Theodore Roosevelt Memorial Removal—Private

American Museum of Natural History, New York, NY

The Equestrian Statue of Theodore Roosevelt is a bronze sculpture created in 1939 by James Earle Fraser for the Roosevelt Memorial Association. Fraser was a notable American sculpture in the early 20th century, making numerous iconic works throughout the United States. Examples of his work include “The End of the Trail” created for the Columbian Exposition in Chicago, 1893; the Benjamin Franklin National Memorial in Philadelphia, 1906-1911; the Alexander Hamilton statue in Washington, D.C., 1923. The statue was originally placed at the entrance of the hall of dioramas in the American Museum of Natural History (AMNH) in New York, but was later moved outside, in front of the entrance to the museum.

At the turn of the 21st century the statue was embroiled in conflict. Like thousands of other statues nationwide, it was erected at a time when public institutions were very much colonialist in their practices and ideals. The arrangement of the figures in the Theodore Roosevelt statue is a visual representation of that, as Roosevelt sits both above and in front of the two people of color. In the late 2010s AMNH worked to engage with the public about the problems related to the statue and to colonialism in institutions; they mounted an exhibit called “Addressing the Statue,” as well as provided written context on placards surrounding the statue. In June 2020 AMNH announced the statue would be removed.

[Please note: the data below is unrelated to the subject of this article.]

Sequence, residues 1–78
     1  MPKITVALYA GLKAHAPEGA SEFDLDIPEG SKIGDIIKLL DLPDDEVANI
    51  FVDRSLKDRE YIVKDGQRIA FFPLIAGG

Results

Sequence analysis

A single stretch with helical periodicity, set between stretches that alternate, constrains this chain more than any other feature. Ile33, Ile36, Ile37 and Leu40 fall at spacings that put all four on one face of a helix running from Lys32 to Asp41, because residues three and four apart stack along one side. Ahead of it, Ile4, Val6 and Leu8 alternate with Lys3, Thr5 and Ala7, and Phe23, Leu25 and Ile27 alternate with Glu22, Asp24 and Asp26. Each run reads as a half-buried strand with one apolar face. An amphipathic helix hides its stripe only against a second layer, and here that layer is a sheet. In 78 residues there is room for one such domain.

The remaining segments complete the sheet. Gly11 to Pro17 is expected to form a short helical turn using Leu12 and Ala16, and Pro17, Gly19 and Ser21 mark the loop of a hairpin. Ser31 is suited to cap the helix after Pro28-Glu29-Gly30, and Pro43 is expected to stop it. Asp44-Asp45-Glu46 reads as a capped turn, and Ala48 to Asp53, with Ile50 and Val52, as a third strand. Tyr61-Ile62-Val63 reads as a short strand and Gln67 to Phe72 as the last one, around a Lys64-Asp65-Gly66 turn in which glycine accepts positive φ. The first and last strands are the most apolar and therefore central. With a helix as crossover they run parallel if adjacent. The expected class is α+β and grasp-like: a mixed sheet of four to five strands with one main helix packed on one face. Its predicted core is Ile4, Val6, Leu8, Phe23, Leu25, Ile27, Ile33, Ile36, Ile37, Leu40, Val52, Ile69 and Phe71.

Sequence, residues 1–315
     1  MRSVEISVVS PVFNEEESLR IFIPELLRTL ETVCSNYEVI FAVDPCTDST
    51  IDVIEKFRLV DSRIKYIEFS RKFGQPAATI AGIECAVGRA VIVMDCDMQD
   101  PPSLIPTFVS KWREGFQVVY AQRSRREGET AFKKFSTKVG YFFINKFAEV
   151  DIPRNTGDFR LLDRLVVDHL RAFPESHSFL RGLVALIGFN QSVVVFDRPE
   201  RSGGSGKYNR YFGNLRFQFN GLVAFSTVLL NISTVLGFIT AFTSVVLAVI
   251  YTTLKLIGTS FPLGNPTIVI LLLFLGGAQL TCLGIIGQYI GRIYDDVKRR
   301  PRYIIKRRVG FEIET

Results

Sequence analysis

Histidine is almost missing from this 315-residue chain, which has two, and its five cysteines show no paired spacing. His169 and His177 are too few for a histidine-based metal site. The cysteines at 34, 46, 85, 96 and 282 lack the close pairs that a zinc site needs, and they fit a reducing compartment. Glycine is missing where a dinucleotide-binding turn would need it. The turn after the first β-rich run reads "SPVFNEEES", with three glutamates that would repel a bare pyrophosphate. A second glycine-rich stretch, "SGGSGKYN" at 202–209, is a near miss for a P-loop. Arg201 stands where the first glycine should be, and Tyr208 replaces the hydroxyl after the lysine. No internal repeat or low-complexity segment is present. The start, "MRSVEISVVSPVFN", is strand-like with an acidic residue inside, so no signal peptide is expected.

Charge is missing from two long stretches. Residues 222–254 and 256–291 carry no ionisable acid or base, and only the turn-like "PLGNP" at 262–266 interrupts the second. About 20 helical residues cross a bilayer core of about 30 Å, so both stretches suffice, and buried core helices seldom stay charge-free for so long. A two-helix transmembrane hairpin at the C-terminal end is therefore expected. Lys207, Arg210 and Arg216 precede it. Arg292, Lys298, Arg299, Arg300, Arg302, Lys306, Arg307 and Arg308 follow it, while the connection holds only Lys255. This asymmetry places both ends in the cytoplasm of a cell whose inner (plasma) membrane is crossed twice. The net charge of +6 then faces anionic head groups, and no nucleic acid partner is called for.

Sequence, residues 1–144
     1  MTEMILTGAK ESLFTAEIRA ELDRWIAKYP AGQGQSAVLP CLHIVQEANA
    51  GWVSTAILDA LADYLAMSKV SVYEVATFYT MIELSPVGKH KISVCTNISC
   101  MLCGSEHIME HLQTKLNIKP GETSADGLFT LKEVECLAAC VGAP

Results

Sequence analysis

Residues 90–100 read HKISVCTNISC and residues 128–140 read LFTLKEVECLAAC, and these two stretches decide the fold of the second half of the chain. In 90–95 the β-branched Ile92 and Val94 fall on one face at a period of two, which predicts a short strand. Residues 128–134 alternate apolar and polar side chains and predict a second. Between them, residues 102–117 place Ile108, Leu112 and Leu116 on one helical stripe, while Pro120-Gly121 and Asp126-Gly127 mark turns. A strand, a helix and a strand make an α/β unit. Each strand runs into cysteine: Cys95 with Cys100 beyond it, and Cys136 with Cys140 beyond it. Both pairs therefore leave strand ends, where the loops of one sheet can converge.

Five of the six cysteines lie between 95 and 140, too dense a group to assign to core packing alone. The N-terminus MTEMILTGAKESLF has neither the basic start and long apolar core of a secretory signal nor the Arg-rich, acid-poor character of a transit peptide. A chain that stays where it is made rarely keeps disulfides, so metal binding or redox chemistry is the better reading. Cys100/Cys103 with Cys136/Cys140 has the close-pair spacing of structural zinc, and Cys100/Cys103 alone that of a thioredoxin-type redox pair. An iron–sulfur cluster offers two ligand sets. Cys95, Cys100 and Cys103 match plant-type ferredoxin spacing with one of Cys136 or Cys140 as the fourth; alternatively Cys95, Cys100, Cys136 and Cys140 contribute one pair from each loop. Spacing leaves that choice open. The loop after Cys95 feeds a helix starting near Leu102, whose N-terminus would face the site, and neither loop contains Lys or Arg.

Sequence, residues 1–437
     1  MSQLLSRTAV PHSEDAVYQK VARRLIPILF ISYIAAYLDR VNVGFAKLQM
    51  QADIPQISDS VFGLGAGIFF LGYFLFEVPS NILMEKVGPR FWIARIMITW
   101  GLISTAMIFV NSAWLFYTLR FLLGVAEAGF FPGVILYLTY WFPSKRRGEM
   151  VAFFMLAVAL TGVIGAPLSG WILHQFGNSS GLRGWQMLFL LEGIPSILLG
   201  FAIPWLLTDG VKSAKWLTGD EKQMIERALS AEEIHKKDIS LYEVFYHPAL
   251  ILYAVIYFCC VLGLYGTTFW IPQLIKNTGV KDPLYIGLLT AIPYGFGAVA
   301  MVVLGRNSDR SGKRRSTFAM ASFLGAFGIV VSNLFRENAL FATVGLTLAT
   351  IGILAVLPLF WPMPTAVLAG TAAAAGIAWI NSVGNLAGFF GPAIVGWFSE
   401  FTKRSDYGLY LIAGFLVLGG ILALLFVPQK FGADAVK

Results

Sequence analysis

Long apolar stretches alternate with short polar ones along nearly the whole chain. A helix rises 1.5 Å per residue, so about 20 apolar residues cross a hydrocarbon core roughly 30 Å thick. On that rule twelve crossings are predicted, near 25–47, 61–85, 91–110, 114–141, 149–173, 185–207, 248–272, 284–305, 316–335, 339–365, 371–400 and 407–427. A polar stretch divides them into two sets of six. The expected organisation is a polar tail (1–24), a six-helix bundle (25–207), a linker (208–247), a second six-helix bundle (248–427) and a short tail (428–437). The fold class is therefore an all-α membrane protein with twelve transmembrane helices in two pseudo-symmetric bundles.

At the request of AMNH and the New York City Parks Department, the EverGreene conservation team assessed, researched, planned, directed, and oversaw the removal of the statue to storage. EverGreene developed the plan in partnership with Auer’s Moving & Rigging Company (Auer’s), and Nicholson & Galloway, Inc (N&G). EverGreene focused on the means and methods needed to dismantle and remove
the bronze sculpture, N&G on the dismantling of the stone pedestal, and Auer’s on the rigging and transport.

During the actual deinstallation EverGreene removed pins holding the bronze part of the statute together and the individual pieces were lifted off using a riggers attached to a crane. The bronze pieces were transported on flat-bed trucks to a storage facility. The team documented the statue before, during, and after the removal.